A new aerial vehicle called an “octocopter” can attach asphalt shingles to a roof without a human at the controls.
Engineers demonstrated that the drone can autonomously position a nail gun on a nailing point, place the nail, and then move on to the next point.
“For me, the biggest excitement of this work is in recognizing that autonomous, useful, physical interaction and construction tasks are possible with drones,” says Ella Atkins, a professor of aerospace engineering and robotics at the University of Michigan.
Is roofing a robot job?
Atkins says many consider tasks best suited to robotization “dull, dirty, and dangerous,” and robots like octocopter could offer a way to move the human workforce to cleaner, safer, and more interesting jobs.
Already, drones spare humans some high-stakes fall risks by inspecting bridges, wind turbines, and cell towers. The natural next step, Atkins says, is to upgrade from surveillance alone to performing physical tasks.
The problem of nailing down a shingle breaks down into several smaller problems—including telling the octocopter where the nails should go and triggering the nail gun.
Atkins’ team used a system of markers and stationary cameras to enable the octocopter to precisely locate itself in space and then to tell the octocopter where the nails should go.
To fire the nail gun, they first measured the force needed to compress the point of the nail gun, a necessary task before a nail will deploy. Then, they wrote software that to enable the octocopter to apply that force.
The off-the-shelf version of the electric nail gun requires the compressing of a trigger as well, but the team turned that into a virtual switch which activated when the octocopter was in position to place a nail.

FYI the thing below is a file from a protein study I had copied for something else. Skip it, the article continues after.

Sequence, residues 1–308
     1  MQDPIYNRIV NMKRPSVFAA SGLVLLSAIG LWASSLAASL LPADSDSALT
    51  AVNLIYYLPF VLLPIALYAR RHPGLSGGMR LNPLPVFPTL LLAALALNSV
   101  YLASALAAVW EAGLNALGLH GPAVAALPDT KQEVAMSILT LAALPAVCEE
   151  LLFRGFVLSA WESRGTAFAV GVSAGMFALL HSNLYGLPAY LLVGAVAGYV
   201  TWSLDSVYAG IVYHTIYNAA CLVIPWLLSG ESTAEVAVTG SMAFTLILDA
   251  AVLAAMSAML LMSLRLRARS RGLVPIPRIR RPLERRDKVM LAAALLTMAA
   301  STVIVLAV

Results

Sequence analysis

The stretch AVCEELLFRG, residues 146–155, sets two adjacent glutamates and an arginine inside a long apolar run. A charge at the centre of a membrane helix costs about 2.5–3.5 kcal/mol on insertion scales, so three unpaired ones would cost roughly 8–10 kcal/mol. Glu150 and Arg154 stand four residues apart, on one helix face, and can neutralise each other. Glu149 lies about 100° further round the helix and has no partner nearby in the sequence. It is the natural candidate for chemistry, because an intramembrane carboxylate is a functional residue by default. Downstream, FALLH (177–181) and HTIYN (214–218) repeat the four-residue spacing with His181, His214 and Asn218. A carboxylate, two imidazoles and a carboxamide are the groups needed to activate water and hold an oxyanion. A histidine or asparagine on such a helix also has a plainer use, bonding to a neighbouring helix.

Slow But Learning
For now, the drone doesn’t move as fast as human roofers.
“Initially, we tried using faster approach speeds to minimize nailing time,” says Matthew Romano, a robotics PhD student and first author of a paper submitted to the International Conference on Robotics and Automation.
“However, for those attempts, the nail gun tip often bounced off the roof, which meant it either wouldn’t trigger or it would trigger in the wrong place.”
“A novice roofer—who’s never climbed on a roof, who’s never used a nail gun—they start out slow. That learning process, the evolution from them being a complete novice to being successful, is something that we’ll need to see in this system as well,” Atkins says.
In addition to speed, the team identified other improvements needed for a practical system. First, a tether should power it, not a battery. Because both batteries and nail guns are heavy, the system can only run for a little more than 10 minutes at a time. A tether would allow it to run indefinitely. Also an air line running alongside the power cable could make the nail gun a more effective pneumatic model.
Finally, a system of cameras and markers is more complicated than a roofing drone would actually need. Shingles are marked with a shiny adhesive strip, in addition to the color difference between the exposed surface and the portion that lies beneath the next layer of shingles.
“It would be pretty easy to have a camera system mounted on the octocopter that understands both the orientation of the shingle and its position,” Atkins says.
The National Science Foundation funded the work.